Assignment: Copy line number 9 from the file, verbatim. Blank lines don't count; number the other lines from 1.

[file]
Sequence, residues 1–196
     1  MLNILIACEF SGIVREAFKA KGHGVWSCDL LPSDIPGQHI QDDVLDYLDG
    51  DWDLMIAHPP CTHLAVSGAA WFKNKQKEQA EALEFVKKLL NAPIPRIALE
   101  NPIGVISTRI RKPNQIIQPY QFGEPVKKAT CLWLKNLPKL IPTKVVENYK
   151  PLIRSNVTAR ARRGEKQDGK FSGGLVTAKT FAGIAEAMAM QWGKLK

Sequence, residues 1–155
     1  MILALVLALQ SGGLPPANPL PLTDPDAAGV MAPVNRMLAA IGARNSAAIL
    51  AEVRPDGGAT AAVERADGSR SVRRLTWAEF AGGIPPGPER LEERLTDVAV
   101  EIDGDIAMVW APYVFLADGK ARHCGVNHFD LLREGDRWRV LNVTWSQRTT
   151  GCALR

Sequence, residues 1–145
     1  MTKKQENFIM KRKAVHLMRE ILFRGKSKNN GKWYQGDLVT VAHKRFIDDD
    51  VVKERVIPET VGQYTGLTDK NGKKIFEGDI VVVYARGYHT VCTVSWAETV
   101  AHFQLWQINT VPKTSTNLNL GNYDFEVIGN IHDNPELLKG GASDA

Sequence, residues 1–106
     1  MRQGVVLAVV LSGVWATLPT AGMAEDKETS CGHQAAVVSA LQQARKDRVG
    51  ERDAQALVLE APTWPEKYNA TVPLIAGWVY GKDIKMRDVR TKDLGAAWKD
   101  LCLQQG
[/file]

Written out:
   101  EIDGDIAMVW APYVFLADGK ARHCGVNHFD LLREGDRWRV LNVTWSQRTT